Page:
I love days like today! The weather was dry and balmy for January - 55 degrees! We went urban trekking. It's so freeing to just leave everything behind and go enjoy new surroundings. And I love being a tourist in my own city. Today we headed for the quiet side of the ship canal, the south bank, and walked the trail to our destination, Fremont.
There were large rafts of these scaups on the canal.
Across the Fremont Bridge, and into "The Center of the Universe", as Fremontians like to call their village within a city.
We were headed for the always fun Fremont street market, a year-round Sunday happening.
I loved the colors at this "antique" vendor.
The Raw Corn street musicians were entertaining.
At this stall you can buy regular chocolate or hemp inspired flavors.
I studied these old valentines a long time, but finally resisted.
I did not resist these charming little vases made from old silverware. I now own one.
And I couldn't pass up this $10 glass bobble, especially since it matched my shirt.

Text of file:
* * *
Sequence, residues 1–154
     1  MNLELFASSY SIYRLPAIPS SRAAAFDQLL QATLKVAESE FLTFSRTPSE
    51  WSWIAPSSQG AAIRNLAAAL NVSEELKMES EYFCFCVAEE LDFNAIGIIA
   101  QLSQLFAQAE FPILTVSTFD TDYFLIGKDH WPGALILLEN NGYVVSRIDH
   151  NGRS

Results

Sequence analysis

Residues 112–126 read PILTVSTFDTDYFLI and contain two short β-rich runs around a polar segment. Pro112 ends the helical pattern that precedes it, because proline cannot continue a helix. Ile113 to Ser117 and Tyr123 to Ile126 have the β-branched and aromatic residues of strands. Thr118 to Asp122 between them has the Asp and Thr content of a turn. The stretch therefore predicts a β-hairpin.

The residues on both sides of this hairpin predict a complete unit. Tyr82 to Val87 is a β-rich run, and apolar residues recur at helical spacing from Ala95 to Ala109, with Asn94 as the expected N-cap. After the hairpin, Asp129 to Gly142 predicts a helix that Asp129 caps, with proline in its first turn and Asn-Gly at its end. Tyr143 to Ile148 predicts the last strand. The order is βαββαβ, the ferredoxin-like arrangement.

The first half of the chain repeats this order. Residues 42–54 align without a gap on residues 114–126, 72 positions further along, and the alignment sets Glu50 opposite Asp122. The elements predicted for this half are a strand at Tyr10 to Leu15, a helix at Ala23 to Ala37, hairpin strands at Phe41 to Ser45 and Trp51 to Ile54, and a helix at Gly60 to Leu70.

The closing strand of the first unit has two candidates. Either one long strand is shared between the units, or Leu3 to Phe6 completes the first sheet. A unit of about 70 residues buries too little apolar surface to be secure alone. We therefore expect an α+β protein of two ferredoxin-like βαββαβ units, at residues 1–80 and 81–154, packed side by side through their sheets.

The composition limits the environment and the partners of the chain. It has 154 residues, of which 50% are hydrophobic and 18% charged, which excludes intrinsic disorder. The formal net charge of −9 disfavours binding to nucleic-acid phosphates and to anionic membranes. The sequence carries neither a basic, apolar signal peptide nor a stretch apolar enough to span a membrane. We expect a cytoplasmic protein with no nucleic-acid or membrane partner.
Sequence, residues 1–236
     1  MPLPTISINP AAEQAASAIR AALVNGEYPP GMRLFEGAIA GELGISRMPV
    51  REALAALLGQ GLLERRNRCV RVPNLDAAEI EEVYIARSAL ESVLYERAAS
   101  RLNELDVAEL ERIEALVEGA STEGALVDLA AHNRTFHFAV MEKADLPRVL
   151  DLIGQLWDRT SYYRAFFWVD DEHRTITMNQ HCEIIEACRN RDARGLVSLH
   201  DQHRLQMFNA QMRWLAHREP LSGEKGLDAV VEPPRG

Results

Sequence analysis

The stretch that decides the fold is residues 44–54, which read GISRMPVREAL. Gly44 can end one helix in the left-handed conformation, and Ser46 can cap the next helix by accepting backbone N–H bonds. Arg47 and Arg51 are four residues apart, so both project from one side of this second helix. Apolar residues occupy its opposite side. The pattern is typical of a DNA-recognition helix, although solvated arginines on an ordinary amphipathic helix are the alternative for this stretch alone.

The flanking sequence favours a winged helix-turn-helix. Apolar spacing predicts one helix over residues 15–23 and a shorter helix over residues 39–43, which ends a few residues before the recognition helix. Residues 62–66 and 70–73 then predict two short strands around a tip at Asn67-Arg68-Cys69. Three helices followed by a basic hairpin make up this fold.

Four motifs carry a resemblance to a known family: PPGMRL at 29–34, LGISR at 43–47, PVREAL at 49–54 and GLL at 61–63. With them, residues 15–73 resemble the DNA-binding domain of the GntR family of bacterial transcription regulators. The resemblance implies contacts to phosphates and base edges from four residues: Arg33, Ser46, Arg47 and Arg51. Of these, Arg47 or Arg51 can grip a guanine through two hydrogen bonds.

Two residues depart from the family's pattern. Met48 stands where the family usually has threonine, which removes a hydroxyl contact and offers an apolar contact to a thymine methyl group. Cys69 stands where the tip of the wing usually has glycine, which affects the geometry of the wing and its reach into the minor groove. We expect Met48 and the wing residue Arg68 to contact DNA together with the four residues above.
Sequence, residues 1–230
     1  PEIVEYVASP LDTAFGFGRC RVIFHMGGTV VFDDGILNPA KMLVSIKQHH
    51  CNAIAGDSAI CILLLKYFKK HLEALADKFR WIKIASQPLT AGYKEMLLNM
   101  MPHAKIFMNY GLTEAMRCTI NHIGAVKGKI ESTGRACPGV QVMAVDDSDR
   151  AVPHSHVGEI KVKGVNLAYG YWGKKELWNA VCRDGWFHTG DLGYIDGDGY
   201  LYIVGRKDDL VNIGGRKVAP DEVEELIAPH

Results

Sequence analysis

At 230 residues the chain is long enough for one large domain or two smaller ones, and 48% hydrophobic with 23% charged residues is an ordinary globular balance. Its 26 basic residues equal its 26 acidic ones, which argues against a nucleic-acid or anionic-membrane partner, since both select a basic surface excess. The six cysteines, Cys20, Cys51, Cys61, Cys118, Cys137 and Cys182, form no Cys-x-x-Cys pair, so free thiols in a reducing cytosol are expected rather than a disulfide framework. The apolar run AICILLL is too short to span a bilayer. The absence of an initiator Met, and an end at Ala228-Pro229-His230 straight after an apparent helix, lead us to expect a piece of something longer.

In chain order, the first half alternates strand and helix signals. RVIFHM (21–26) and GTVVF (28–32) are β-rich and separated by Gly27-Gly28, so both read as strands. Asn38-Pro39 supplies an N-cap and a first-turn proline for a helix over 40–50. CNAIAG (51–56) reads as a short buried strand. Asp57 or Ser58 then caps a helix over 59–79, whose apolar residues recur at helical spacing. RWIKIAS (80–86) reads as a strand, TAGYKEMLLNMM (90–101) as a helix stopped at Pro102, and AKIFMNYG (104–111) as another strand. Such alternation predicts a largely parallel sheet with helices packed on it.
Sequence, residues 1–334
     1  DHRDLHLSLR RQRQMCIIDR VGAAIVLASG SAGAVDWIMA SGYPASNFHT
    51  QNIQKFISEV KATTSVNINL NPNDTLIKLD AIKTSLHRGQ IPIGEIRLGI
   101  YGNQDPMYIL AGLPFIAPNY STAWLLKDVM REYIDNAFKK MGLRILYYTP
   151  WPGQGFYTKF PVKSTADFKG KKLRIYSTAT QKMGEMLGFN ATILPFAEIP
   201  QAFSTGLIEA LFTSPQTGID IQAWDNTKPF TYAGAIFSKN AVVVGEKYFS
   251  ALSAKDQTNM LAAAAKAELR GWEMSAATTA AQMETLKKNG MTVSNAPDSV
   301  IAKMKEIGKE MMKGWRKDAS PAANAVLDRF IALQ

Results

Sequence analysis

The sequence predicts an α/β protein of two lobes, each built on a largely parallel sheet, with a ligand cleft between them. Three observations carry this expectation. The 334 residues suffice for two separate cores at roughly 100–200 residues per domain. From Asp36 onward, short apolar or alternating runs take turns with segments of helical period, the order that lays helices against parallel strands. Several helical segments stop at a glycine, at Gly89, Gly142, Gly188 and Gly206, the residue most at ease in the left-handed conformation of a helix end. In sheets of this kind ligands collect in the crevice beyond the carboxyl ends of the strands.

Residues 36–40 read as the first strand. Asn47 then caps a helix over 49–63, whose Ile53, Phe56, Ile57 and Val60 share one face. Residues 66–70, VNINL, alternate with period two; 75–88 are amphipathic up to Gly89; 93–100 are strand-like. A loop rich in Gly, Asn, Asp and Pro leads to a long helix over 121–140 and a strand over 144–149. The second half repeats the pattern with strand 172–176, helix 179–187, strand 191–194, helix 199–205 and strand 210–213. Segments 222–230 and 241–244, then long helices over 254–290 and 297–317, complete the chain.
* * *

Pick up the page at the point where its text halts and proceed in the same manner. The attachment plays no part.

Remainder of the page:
This treasure might only be meaningful to folks who have grown up in Seattle or the region. Tom is holding a homemade toy hydroplane, a Miss Budweiser, made in 1967, according to the inscription on the back. It belonged to a Thomas Eugene Baker, and it definitely has been pulled behind a bicycle, as these toys usually were.
We had lunch OUTSIDE at the PCC deli.
I joined those "Waiting For the Interurban", in a famous local art work.
Tom posed with his treasure at a photo op.
And I posed with a famous Seattle TV star, JP Patches, and his side kick, Gertrude.
We walked down to Lake Union under the Aurora bridge.
House boats and sail boats line the edge of the lake.
As we walked back to the bridge, it was opening to allow a sail boat to pass under.
And then we headed back down the trail to the car.
I love the red berries on this cotoneaster.
A merganser was enjoying a canal swim.
Kayaks and sail and motor craft were out for a day on the water.
After some rest up time at home we had dinner out with the guys, Jake and friends Tad and Russ.
Now we'll settle in for the evening. Chuck is back!
What a perfect day!